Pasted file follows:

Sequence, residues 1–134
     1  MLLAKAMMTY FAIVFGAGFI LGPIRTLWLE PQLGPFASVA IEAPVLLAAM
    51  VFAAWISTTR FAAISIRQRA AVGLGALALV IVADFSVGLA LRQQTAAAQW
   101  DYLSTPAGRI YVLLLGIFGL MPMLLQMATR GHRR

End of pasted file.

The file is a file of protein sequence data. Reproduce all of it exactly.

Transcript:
Sequence, residues 1–134
     1  MLLAKAMMTY FAIVFGAGFI LGPIRTLWLE PQLGPFASVA IEAPVLLAAM
    51  VFAAWISTTR FAAISIRQRA AVGLGALALV IVADFSVGLA LRQQTAAAQW
   101  DYLSTPAGRI YVLLLGIFGL MPMLLQMATR GHRR